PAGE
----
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Topic: Mountains (09/20/04)
TITLE: Genetic Omission
By Glenn A. Hascall
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I have learned, however, that we have a genetic predisposition to injuries associated with the presence of mountainous terrain - and I‘ve learned it the hard way.
It was the summer of my tenth year and my Sunday school teacher, Cliff decided that his little cast of rowdies needed an outing. We headed to the mountains in a variety of station wagons anxious for our fill of fresh air and cheap hot dogs. I was amazed as the mountains loomed over our picnic site. I immediately began my ascent with my well used cowboy boots. The yards passed by before I heard Cliff calling me from the camp fire below. As I turned, I slipped and began a rapid descent, one that resembled a snow ball without snow.
It must have been pretty spectacular because I was the topic of conversation even after Cliff found my nose, right earlobe and spleen.
A couple of years later I was in spy mode high atop a mountainous cliff – certain nefarious villains were approaching. I’ve never thought of myself as having a big head but on the day in question, gravity (and that nasty genetic predisposition) caused my body to follow my head an undetermined distance where my head was lacerated with the slender and vertical razor-like appendages of the famed Yucca plant – a temporary set of Yucca dreadlocks. I had green holes in my skull for weeks.
There are more fascinating mishaps that I could share, but for the sake of a more humane account I’d like to move to my thirty-fifth year. My brothers-in-law invited me to an outing in the Medicine Bow Mountains of Wyoming. No, I didn’t cause an avalanche and I didn’t slip headlong into raging stream. I made sure I wore sturdy boots with the tire tread of a 4x4 tacked onto the bottom.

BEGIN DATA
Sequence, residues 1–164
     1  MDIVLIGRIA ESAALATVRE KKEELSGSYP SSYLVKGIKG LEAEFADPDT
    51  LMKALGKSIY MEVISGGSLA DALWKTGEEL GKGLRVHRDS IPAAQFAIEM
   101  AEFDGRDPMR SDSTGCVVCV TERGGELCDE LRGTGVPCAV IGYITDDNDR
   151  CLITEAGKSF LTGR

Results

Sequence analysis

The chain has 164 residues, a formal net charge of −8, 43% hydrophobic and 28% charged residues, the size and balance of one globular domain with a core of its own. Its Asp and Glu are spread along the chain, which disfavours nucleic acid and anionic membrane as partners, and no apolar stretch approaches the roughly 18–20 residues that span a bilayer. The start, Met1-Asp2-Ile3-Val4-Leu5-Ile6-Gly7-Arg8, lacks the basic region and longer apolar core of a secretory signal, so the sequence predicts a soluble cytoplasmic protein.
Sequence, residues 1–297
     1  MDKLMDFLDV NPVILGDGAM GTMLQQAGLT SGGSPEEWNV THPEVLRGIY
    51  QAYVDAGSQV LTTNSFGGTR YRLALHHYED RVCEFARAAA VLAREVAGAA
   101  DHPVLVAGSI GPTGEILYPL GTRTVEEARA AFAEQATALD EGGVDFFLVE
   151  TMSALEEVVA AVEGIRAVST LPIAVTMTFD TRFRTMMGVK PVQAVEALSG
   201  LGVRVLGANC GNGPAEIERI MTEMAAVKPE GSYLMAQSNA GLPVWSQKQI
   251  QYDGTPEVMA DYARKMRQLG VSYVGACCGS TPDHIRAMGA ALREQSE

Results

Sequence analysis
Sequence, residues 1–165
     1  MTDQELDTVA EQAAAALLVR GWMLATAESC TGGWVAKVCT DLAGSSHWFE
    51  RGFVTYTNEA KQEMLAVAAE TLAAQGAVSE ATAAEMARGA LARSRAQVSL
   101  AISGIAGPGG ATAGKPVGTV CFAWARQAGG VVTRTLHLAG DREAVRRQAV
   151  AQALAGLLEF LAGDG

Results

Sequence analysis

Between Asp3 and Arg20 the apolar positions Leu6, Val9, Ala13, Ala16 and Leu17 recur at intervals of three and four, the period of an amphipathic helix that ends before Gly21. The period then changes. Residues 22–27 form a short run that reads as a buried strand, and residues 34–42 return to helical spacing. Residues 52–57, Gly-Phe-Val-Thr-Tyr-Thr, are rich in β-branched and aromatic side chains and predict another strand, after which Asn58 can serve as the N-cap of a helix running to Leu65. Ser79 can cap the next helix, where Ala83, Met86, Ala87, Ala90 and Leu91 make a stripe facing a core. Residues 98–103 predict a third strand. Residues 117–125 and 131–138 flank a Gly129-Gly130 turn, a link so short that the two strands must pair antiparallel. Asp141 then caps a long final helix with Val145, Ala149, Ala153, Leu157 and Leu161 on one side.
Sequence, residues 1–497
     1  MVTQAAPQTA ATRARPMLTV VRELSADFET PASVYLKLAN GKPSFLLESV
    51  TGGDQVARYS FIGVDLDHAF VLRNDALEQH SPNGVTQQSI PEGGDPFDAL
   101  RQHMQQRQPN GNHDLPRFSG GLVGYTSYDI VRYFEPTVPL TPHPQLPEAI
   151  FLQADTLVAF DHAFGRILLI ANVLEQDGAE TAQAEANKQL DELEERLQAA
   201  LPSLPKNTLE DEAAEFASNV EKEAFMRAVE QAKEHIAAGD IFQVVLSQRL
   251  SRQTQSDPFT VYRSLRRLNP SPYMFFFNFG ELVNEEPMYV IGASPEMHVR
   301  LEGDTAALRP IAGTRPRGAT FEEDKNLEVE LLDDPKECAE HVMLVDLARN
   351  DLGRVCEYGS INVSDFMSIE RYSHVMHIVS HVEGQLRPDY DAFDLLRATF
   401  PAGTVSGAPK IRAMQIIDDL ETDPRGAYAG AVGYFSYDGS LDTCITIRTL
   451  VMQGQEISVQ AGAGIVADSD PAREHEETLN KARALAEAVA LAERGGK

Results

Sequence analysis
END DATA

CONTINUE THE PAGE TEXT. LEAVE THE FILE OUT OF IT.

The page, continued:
After a sleepless night in which an animal of unknown origin rummaged through the camp in search of one lone Pringle in the bottom of a discarded can we were told that this would be the day that we would go fishing. We were advised to bring our lunch along and pack our tackle, rod and at least 85 pounds of rocks just so we’d have the full experience of being hardy outdoorsmen.
The promised half mile trek spanned three different time zones. There was a wheezing animal that seemed to be following the group. I was about to inquire further when I realized the wheeze was coming from me. Once again my reputation (and genetic makeup) preceded me. I do have some consolation in the fact that the fishing was so bad that I didn’t have to carry any back to camp.
In 2002 I went back to the mountains with my brother-in-law, Doug. This time we ventured to the Big Horn Mountains and like the crew aboard the S.S. Minnow, some of us accepted a mini-hiking tour of Mt. Akilla Outdoorsman.
“Just follow the stream and you’ll be back at camp in about a half hour,” Doug said as he turned his 4x4 around. Two hours later we were convinced that if we made it out alive we were going to make Doug try the same trip in the dark – without shoes. The brush was so dense and the rocks so abundant that we struggled just to find a way through. Perhaps the most intense moment of our tour was when we climbed a mountain on one side trying to find a way out of the canyon. When this failed, we ventured back down the mountain. Suddenly, my feet slipped as they had when I was ten. This time I left part of my back and a little used elbow on the rocks. I spread my feet in an effort to stop my fall. This effort eventually bore fruit at the lip of a cliff that was the last stop before a 75 foot fall to the rock-filled stream below.
“So take a new grip with your tired hands and stand firm on your shaky legs. Mark out a straight path for your feet” (Hebrews 12:12,13a - NLT).
True for hiking and true for our Christian walk - genetics notwithstanding.